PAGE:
Forget about engine power.  What you want to run is the correct mixture of gas and O2. This goal is to burn all the gas. You may loose power on hard acceleration with less dense air but generally the intake can handle the additional flow (to get more O2 to mix with the gas so power is not lost). The goal is always a stoichiometric mixture. Hence, the various sensors like mass flow sensor and the O2 sensor, barometric pressure sensor and so forth.

 

Yes, you can calcalute the enthalphy of the air at a given pressure, humidity and temperature and see how much energy is required to change enthalpy (lower temp. and reduce humidity).  I have also done this to get a handle on AC use in AZ. Yes, more humid air requires more energy to cool (heat of condensation same as heat of vaporization except opposite sign).  Again it's not a hard calculation to make but we don't know the exact conditions that we are comparing.  All you can do is make assumptions based on ones conditions.  Of course, you will get different results depending on the assumptions made.   

 

Engines are generally more efficient at higher operating temperatures.


Edited by Plus 3 Golfer, 24 July 2017 - 07:01 PM.


#10 OFFLINE   raadsel

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Posted 24 July 2017 - 07:38 PM

Forget about engine power.  What you want to run is the correct mixture of gas and O2. This goal is to burn all the gas. You may loose power on hard acceleration with less dense air but generally the intake can handle the additional flow (to get more O2 to mix with the gas so power is not lost). The goal is always a stoichiometric mixture. Hence, the various sensors like mass flow sensor and the O2 sensor, barometric pressure sensor and so forth.

 

Yes, you can calcalute the enthalphy of the air at a given pressure, humidity and temperature and see how much energy is required to change enthalpy (lower temp. and reduce humidity).  I have also done this to get a handle on AC use in AZ. Yes, more humid air requires more energy to cool (heat of condensation same as heat of vaporization except opposite sign).  Again it's not a hard calculation to make but we don't know the exact conditions that we are comparing.  All you can do is make assumptions based on ones conditions.  Of course, you will get different results depending on the assumptions made.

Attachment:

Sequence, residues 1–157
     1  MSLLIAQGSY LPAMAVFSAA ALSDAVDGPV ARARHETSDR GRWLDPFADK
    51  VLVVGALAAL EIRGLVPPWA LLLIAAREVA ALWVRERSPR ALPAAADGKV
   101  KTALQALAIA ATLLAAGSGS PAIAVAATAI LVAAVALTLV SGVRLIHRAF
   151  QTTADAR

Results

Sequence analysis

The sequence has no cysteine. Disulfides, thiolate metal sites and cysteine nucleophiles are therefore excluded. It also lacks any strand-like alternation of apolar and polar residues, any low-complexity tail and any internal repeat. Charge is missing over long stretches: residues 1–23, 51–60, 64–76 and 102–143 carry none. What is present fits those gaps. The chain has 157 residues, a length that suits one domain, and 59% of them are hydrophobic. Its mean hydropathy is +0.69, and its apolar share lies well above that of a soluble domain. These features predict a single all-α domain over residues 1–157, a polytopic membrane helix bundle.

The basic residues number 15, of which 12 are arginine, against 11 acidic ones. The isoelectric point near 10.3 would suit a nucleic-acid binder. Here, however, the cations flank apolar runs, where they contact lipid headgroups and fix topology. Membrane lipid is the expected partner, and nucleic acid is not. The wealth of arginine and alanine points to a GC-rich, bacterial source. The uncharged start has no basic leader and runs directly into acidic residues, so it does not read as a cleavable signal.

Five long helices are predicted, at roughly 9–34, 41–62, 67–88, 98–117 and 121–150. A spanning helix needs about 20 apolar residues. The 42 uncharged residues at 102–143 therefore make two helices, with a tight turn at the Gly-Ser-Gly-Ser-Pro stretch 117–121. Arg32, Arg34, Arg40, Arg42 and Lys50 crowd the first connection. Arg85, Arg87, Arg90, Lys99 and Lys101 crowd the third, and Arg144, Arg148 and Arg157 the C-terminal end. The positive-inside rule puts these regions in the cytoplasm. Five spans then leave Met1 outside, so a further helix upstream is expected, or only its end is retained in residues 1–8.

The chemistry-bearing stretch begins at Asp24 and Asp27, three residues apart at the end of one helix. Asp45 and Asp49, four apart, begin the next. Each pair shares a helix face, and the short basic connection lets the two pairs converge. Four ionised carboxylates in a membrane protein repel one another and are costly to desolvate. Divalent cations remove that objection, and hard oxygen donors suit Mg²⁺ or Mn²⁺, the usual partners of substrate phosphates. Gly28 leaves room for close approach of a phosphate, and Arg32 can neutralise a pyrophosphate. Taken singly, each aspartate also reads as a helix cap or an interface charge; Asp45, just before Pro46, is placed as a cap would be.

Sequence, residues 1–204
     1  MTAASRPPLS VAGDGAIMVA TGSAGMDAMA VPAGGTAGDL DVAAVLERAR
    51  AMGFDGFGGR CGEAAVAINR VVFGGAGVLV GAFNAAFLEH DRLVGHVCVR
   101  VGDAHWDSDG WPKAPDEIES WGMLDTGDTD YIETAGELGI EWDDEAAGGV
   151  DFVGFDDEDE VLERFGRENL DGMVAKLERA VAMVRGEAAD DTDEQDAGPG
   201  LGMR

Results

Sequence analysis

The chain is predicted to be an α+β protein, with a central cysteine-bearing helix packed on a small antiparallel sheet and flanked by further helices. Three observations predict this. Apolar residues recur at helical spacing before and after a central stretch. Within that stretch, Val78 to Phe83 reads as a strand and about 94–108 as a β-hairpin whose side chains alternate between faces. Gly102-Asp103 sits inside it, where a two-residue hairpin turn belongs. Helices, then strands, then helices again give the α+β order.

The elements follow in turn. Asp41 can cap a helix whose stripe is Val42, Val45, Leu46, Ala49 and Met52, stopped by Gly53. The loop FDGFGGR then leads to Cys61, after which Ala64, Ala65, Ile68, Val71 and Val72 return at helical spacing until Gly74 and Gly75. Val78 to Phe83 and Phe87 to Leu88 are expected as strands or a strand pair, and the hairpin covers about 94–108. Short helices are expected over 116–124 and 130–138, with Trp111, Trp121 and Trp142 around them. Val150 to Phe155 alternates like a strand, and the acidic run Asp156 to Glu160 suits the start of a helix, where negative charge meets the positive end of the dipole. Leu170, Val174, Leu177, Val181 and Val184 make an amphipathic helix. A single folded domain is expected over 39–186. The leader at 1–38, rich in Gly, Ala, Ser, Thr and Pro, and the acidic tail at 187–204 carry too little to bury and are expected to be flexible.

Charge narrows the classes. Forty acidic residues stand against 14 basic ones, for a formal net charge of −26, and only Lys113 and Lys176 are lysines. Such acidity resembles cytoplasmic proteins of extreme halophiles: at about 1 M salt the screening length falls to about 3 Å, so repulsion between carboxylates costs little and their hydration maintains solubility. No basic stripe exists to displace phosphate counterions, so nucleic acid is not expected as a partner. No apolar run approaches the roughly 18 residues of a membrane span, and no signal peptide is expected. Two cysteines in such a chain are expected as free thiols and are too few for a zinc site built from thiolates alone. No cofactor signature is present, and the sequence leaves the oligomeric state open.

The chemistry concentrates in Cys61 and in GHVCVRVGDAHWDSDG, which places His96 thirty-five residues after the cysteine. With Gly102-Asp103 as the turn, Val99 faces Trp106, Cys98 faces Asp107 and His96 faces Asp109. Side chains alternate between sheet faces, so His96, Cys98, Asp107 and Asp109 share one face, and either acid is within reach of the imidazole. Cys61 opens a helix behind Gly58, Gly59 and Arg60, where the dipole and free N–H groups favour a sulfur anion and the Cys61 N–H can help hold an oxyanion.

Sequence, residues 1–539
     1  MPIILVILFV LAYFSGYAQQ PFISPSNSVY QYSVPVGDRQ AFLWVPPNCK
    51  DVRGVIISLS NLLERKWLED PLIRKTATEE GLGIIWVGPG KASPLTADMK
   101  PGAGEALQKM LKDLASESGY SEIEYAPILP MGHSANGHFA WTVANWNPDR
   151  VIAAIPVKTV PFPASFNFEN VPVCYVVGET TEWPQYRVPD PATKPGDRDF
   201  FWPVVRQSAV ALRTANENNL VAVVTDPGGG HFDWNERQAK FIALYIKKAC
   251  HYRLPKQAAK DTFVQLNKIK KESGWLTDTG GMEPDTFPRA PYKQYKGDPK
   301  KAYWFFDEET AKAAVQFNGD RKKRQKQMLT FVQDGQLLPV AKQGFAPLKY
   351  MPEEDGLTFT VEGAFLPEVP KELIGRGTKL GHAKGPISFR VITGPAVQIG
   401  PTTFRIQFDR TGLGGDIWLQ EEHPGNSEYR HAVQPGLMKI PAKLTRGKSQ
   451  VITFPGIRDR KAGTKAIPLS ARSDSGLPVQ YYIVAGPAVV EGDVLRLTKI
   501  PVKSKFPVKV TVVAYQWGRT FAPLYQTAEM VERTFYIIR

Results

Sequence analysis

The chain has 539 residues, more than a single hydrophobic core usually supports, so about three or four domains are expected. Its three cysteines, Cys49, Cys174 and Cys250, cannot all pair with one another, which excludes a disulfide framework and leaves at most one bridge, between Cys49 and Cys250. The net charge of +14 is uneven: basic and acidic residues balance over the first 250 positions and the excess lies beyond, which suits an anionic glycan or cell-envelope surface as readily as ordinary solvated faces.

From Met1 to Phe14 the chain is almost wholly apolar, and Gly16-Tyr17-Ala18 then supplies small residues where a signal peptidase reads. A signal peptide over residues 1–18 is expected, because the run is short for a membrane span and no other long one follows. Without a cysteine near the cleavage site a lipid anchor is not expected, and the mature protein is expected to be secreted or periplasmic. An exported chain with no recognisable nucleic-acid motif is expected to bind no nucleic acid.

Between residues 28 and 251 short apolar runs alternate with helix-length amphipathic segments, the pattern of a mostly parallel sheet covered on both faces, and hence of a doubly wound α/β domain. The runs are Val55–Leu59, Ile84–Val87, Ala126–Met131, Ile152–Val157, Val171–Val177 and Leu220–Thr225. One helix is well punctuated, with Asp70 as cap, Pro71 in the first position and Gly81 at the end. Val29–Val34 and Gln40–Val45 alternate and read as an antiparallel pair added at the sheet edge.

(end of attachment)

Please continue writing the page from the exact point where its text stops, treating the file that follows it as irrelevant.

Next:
Engines are generally more efficient at higher operating temperatures.

 

Yes, my point wasn't so much about power; it was about how you have less O2 at similar air pressures, which would seem to cause the engine to run rich -- giving too much fuel because of the air pressure. Though I'm not sure how much difference that really makes.

 

I can't speak for Austin, but Houston frequently has 80%+ humidity at 80 degrees at night and in the morning, meaning it feels like it is almost 90. As it heats up, the humidity will drop to 60%+ with mid-90s temperatures. I lived in Chandler for a summer and found that I prefer summer in the Phoenix area than in Houston.



#11 OFFLINE   Plus 3 Golfer

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Posted 24 July 2017 - 08:15 PM

Yes, my point wasn't so much about power; it was about how you have less O2 at similar air pressures, which would seem to cause the engine to run rich -- giving too much fuel because of the air pressure. Though I'm not sure how much difference that really makes.

 

I can't speak for Austin, but Houston frequently has 80%+ humidity at 80 degrees at night and in the morning, meaning it feels like it is almost 90. As it heats up, the humidity will drop to 60%+ with mid-90s temperatures. I lived in Chandler for a summer and found that I prefer summer in the Phoenix area than in Houston.

A properly maintained modern vehicle will always run with a proper fuel / air mixture not lean or rich because the PCM is monitoring the variables and continually adjusting the mixture to a stoichio mixture.  

 

Humidity will affect the AC demand.  That's why it's hard to compare AC usage / affect on FE in Houston vs Phoenix vs Austin even though the ambient temp. may be the same.  What's common though is that short commutes affect FE more than long commutes when using AC.  



#12 OFFLINE   obob

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Posted 24 July 2017 - 08:25 PM

Just a reminder, just in the off chance there happens to be someone who at some time might forget

 

"Recirculate" makes a huge difference.


Edited by obob, 24 July 2017 - 08:26 PM.

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#13 OFFLINE   jestevens

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Posted 25 July 2017 - 05:36 AM

..and until heat wave last week I forgot all about the "MAX A/C" button on the far right side - which isn't that wonderful for fuel economy but works great in 90F+ weather.  It's a little quirky but I like that our cars have actual buttons and controls.



#14 OFFLINE   Plus 3 Golfer

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Posted 25 July 2017 - 06:06 AM